OK, which are creepier: clowns or sock puppets?
Actually, I have never suffered from either coulrophobia (clowns) or pupaphobia (guess). But after watching a puppeteering class for the upcoming production of Hand to God at the Philadelphia Theatre Company (March 31-April 30), I realize that, in the hands of a skilled actor, a puppet can … well, it's scary.
The class took place at the Mask & Wig Club on S. Quince Street. The coach was puppetmaster Robert Smythe, and what a vigorous, dynamic teacher he is. His student was Aubie Merrylees, who in Hand to God by Robert Askins, must play both Jason (a boy) and Tyrone (the puppet he meets, learns to master, and goes on to take over the world … well, I exaggerate). And that takes skill.
Watching Merrylees and Smythe taught me as much about acting as any other hour in my whole life. Smythe was great about the goals of puppetry onstage: to "give the illusion of a separate life … to convince the audience that the puppet is acting on its own, with its own intentions and motives."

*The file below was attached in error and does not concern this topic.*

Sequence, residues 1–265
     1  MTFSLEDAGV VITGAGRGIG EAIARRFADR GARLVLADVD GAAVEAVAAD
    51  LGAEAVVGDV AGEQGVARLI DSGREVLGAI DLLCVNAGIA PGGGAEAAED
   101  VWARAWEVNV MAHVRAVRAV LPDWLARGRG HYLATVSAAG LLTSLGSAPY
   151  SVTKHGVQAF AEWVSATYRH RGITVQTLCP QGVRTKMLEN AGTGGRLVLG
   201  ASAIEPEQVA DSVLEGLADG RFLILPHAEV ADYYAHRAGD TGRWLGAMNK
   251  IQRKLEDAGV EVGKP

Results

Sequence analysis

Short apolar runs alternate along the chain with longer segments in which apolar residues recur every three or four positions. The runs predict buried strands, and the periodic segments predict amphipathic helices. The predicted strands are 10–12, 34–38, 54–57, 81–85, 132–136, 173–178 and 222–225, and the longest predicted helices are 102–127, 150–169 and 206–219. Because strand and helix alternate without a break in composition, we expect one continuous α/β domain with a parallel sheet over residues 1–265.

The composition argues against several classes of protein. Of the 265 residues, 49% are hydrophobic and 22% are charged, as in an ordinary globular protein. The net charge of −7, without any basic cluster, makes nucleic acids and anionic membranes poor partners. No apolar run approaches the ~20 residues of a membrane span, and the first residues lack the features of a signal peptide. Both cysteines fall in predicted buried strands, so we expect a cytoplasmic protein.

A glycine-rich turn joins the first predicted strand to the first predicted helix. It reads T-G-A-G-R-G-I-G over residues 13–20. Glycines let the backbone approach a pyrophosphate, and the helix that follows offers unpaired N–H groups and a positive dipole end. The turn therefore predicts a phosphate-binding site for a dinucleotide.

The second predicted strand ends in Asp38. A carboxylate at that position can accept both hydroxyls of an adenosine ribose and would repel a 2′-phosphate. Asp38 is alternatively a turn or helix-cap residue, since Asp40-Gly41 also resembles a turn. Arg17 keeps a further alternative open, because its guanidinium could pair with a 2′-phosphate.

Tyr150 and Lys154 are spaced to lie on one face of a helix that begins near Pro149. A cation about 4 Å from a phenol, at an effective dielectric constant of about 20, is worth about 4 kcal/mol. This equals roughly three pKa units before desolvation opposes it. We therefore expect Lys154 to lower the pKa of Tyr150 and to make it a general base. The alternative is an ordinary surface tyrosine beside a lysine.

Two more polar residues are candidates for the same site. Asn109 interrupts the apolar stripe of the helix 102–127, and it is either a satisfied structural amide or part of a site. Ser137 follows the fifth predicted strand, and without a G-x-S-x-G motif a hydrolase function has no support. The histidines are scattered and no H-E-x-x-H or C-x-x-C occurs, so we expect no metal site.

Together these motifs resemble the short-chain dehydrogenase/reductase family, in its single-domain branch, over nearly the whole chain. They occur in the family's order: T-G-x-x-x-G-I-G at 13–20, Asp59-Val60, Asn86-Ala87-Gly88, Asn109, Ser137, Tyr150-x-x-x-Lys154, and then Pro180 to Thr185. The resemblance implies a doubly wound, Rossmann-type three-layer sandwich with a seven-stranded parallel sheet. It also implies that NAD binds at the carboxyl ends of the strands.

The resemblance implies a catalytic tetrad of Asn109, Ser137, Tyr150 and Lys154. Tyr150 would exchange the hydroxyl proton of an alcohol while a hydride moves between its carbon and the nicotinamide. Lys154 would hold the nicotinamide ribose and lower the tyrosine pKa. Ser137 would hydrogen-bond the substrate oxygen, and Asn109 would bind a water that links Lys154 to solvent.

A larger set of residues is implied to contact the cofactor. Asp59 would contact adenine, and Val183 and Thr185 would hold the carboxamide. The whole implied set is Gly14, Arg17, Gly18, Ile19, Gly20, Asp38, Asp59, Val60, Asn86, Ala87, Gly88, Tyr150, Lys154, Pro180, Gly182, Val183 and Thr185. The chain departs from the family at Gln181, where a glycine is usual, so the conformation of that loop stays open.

Here, Smythe and Merrylees practice in a mirror. As we watch, the puppet looks around, creasing the "brow" (do puppets have brows?) as its gaze wanders. Merrylees keeps saying he's a newbie at this, but he has a knack: The puppet breathes in and out, has some pretty great expressions. Smythe says it's fine to be "puppetlike" as first, but later the puppet will/must take on more life and character:
Later, Aubie practices having the puppet and himself look at different things, and also practices lining up the puppet's eyelines for realistic, smooth expressions. Smythe loves how the puppet sees him and takes in a breath – "Yes!" (The puppet rather creepily locks on to yours truly for a moment. Merrylees is great.)